BEIJING (BLOOMBERG) - China's foreign minister said outbreaks outside of the country may have caused the Covid-19 pandemic, as Beijing steps up efforts to recast the coronavirus narrative amid growing scrutiny over the pathogen's origins.
"More and more research suggests that the pandemic was likely to have been caused by separate outbreaks in multiple places in the world," Foreign Minister Wang Yi said in comments published over the weekend from an interview with the official Xinhua News Agency and state broadcaster CCTV.
"(China took) immediate actions to carry out epidemiological investigation, identify the pathogen and publicise key information including the genome sequencing of the virus," Mr Wang said. "All this sounded alarm bells across the world."
His comments come a year after the first known cluster of coronavirus cases emerged in the central city of Wuhan, before spreading around the globe.
The country was criticised for initially covering up human-to-human transmission of the disease and for acting too slowly to halt its dispersion, with doctors who blew the whistle on a mysterious new pneumonia accused of spreading rumours by police.
With its domestic outbreak largely contained, Beijing is stonewalling efforts to find out more about the virus' origins, with World Health Organisation experts kept out of Wuhan last year and an independent probe rebuffed.
China is also seeking to recast its response and the early history of the virus. Officials and state media have alternately pushed theories linking Covid-19 to the US military, that the virus could have entered China on imported frozen food, and jumped on research suggesting cases in the United States and Italy pre-dated those in Wuhan.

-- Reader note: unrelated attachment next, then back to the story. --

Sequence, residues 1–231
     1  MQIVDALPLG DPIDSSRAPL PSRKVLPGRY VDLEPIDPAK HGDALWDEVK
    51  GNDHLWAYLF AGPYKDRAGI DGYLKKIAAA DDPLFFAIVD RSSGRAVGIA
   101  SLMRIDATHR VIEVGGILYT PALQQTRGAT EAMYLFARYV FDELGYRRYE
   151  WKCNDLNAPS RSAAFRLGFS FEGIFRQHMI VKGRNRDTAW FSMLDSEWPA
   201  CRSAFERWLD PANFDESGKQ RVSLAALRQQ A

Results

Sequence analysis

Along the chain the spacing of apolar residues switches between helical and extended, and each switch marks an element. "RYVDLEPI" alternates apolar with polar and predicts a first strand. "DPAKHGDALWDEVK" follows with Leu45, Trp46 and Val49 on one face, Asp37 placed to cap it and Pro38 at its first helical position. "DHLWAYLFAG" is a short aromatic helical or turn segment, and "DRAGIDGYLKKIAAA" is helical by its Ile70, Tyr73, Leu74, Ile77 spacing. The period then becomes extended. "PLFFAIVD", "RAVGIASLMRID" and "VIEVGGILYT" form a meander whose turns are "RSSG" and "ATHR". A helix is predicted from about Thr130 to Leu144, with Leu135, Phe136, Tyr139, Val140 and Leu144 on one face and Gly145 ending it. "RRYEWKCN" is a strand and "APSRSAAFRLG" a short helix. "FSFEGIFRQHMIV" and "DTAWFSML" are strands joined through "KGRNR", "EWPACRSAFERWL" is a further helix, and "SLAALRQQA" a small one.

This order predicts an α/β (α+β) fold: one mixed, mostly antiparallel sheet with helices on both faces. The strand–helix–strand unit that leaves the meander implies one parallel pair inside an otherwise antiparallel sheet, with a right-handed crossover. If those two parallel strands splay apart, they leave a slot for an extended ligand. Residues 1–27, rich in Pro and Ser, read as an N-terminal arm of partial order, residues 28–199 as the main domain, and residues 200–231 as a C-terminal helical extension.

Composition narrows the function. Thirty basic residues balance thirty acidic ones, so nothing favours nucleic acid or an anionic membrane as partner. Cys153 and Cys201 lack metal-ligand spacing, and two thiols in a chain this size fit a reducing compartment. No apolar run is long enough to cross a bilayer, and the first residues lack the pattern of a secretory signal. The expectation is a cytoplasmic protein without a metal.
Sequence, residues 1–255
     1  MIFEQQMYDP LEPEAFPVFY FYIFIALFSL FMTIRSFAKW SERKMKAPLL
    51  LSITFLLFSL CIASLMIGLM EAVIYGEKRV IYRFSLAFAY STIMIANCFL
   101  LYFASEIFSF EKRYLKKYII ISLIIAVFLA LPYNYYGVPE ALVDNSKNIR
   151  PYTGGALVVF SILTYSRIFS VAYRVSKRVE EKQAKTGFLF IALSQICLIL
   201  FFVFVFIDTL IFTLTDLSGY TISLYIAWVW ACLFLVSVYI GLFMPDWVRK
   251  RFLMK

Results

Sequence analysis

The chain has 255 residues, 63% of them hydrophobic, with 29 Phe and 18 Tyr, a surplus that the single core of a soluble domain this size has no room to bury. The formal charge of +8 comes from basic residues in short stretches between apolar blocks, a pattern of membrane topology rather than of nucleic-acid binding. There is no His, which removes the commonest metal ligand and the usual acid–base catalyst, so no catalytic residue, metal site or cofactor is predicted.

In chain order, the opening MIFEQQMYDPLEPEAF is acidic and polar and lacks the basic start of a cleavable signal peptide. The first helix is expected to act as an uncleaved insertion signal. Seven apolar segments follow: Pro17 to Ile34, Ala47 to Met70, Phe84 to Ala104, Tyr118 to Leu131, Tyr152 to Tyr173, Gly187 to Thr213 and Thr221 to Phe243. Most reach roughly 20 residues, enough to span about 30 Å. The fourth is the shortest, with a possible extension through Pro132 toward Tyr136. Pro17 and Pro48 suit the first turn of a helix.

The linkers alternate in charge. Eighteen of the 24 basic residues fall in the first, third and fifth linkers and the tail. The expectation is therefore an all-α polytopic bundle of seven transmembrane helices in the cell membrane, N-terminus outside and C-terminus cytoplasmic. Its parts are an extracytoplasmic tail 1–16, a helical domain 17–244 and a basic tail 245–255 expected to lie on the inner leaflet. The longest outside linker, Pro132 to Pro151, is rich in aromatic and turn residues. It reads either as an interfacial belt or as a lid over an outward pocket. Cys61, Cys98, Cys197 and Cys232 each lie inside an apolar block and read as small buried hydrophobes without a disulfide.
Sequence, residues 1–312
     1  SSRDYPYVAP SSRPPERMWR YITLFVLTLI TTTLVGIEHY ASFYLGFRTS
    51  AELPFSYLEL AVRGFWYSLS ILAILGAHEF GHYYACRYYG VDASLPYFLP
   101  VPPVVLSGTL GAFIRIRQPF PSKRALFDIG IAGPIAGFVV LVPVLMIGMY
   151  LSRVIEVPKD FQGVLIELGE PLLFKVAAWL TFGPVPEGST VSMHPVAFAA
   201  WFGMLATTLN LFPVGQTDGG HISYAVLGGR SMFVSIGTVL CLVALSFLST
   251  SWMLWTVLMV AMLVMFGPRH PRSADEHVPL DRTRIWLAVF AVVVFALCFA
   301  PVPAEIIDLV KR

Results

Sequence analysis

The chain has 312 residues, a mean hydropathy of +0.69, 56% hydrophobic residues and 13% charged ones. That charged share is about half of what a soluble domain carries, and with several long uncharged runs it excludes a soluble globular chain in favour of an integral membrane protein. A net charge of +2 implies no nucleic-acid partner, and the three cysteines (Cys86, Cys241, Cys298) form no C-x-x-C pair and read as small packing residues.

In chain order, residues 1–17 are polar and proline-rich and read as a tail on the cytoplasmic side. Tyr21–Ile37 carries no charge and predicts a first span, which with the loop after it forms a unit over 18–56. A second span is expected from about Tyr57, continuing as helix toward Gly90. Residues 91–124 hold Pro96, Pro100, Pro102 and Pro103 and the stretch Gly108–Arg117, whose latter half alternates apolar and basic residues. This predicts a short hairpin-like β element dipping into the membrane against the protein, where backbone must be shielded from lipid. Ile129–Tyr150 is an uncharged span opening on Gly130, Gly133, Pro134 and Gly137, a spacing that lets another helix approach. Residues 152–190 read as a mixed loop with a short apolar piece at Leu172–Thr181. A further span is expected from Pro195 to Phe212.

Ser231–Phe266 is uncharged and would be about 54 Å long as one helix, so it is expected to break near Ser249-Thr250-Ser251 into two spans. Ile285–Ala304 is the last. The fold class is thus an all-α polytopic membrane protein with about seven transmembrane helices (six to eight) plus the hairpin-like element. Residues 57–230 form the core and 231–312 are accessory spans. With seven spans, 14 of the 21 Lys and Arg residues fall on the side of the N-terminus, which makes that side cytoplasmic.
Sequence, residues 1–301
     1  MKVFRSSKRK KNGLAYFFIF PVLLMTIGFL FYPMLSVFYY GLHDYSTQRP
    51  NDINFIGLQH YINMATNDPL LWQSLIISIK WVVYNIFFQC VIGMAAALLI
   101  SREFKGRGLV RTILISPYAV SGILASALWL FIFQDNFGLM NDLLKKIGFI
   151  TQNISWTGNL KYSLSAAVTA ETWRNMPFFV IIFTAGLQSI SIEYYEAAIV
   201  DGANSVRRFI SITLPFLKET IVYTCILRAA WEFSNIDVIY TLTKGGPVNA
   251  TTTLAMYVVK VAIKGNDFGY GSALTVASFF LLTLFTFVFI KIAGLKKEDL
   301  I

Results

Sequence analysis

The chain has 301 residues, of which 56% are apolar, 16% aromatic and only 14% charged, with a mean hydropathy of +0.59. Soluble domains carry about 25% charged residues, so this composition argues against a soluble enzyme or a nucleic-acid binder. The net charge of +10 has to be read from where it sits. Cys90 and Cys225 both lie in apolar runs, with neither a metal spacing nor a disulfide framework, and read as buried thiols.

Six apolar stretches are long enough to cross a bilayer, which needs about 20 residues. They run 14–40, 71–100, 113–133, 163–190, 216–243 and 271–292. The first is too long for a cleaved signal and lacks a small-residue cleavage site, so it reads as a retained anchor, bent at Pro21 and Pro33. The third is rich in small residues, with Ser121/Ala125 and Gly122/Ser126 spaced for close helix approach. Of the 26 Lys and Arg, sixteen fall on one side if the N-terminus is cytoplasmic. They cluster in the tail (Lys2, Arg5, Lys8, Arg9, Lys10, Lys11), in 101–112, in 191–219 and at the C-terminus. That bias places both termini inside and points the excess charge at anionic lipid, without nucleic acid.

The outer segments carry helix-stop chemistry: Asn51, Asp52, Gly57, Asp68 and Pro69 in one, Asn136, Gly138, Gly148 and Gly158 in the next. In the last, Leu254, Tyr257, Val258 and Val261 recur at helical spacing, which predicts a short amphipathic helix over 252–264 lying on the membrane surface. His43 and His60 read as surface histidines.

The US, led by President Donald Trump, has contributed to the politicisation of the debate, pushing one theory that suggests a laboratory in Wuhan may have leaked the virus, either accidentally or intentionally.
In the interview, Mr Wang said China had "actively engaged" in the global response to the pandemic.
"We have stood at the forefront of fighting misinformation, rebutting attempts of politicisation and stigmatisation," he said. "We were determined to make sure that the objective narrative and collective memory of the battle against the pandemic would not be distorted by lies."
While WHO experts have been to China in the past year, they haven't been allowed into Wuhan, the pandemic's original epicentre.
A spokesman for the body said last month the WHO hoped its expert committee looking into the origin would be able to visit the city in January.
China also levelled trade restrictions on Australia after it called for an independent investigation into the virus' source.